1. Which was the most effective group (team) of which you have been member? What made the group (or team) so effective? One of the most effective teams I have been a member of is the Lindsay Street Baptist Church Senior Usher Board. Our board is made up of individuals of the same race. However, our ages vary from 23 to 75 years of age. With this broad age gap, everyone is learning something differently about each other during our meetings. We share a common goal which is to be the best “doorkeepers” in the church.
We find solace and joy in performing our duties. We are committed to each as members of the board. We respect, trust, and communicate effectively with one another. We are aware and respect of each other’s feelings. We consider ourselves family on the board. Group cohesion is what we experience on the usher board. Group cohesion is the “interpersonal glue” that makes the members of a group stick together (Nelson & Quick, 2011).
We realize that everyone cannot be the leader of the group. We elect a president to keep us in order, motivate us, criticize us, and compliment us. One main function of the president is to make sure the ushers are governed according to established rules and regulations. Every organization, group or business should have a leader in place to direct and lead the people.
In your answer consider both individual factors in part 2 of your textbook (e.g., values, motivation, feedback/learning, etc.), and group factors in chapter 9, such as diversity (pp. 308-310), the group characteristics in table 9.1, and the group behavior concepts on pages 294-296.
2. What are the most significant barriers to teamwork, and to empowerment, that you have seen? Consider trust and other factors introduced in the interaction part of this module. Trust should be an essential element in business. It is vital for the employee to trust the manager’s words and actions. Conversely, it is important for the manager to trust the employee will do the given task as assigned. According to Castro (1994), it is difficult, if not impossible, to have effective and productive working relationships without trust.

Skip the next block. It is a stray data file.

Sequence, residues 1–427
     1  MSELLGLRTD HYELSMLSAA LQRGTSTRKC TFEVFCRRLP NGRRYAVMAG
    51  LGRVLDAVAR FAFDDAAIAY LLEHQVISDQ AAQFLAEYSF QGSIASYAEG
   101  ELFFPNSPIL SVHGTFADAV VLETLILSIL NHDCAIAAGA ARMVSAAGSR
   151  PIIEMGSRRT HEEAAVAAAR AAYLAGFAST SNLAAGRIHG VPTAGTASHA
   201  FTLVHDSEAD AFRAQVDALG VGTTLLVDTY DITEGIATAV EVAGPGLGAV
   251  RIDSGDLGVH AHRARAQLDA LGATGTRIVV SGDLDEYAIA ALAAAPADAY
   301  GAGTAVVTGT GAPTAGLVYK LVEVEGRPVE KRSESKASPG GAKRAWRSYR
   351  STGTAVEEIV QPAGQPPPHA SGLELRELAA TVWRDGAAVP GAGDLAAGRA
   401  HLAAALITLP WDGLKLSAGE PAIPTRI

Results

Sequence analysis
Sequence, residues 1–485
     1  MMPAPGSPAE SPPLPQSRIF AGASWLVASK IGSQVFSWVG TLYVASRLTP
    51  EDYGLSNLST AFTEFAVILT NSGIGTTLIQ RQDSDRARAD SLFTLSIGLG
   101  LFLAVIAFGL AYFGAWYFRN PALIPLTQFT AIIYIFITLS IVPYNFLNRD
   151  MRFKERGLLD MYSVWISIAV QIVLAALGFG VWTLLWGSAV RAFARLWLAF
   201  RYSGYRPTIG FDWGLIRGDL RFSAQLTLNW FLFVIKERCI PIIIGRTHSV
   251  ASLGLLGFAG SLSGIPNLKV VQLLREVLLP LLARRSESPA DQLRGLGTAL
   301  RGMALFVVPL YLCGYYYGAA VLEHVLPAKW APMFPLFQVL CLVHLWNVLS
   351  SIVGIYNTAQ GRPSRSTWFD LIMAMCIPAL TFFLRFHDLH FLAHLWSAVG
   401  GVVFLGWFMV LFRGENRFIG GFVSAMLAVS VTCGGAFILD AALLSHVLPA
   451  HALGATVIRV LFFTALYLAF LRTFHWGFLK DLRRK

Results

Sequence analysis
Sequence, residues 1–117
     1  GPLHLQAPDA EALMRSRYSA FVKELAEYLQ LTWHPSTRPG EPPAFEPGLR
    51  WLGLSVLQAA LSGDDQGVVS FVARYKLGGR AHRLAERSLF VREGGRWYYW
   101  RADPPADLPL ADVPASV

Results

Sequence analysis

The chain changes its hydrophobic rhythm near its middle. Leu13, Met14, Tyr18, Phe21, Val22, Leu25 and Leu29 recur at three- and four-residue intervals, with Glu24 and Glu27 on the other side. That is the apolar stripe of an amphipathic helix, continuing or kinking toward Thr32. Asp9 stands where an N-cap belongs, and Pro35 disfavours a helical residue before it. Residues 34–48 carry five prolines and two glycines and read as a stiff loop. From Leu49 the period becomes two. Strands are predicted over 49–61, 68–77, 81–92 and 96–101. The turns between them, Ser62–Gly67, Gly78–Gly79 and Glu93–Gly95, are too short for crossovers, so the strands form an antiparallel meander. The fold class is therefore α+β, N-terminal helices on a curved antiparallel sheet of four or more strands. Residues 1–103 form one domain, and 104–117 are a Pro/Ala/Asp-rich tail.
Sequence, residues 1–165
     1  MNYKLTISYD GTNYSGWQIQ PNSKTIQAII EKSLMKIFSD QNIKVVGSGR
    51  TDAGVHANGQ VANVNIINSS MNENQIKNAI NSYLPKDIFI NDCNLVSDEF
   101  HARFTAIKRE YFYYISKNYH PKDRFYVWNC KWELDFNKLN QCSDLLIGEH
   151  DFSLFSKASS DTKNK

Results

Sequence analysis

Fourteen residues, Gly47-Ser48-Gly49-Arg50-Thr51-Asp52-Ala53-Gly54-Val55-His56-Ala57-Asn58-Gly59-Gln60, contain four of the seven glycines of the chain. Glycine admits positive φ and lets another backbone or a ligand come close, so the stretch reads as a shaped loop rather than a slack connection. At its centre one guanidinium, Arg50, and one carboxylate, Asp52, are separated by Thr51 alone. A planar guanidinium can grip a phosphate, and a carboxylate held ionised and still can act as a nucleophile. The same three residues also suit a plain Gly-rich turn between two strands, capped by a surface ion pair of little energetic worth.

He also states managers cannot force employees to trust one another but they give them the needed resources to build trust. Some of the most significant barriers to teamwork I have witnessed are team members distrust, lack of communication, and personality clash. I am on a team of managers in my department. Distrust is fluid within our team. In many cases, work projects are not fully-executed because of unwillingness to cooperate, backbiting about team members, bad attitudes, and emotionally charged meetings as a result of distrust.
Lack of communication is another barrier of teamwork. If there is not a defined line of communication, the team is can get off task. When members do not convey communicate effectively, the focal point or goal of the project is lost. Communication is essential in getting the tasks completed. We must hear from everyone to be an operative team member. Another barrier of teamwork I have witness is personality clashing.
There were times when strong personalities would dominant the meetings by disagreeing amongst themselves. In the meantime, the weaker personalities would stay silent. In many cases, the individuals that were quiet were the ones with the outstanding strategies. The weaker individuals did not have a chance to voice their opinion because the stronger personalities were arguing and giving their “self-entitlement” speeches.
3. Whose responsibility is it (or what process is used) to ensure that an ethical decision has been made? How does that person or process withstand the pressures to do otherwise? In my opinion, I believe the responsibility for ethical decisions lie with the manager. Also, there should be an ethical system in place. The manager is the leader of the team. The leader was chosen because of certain leadership skills and abilities. A manager should be an ethical person. The leader should carry himself in a proper manner.
The leadership should have ethical discernment ability. A process system such as a code of ethics; should be in established in the workplace. The system’s policies and procedures should be written in a clear, concise manner so that each employee understands the punishment for violating a code of ethics policy. The manager, since this person should be an upstanding, rule-abiding employee with leadership ability, mostly like will be the violation enforcer. Most importantly, the leader should exhibit ethical behavior because subordinates and employees are watching.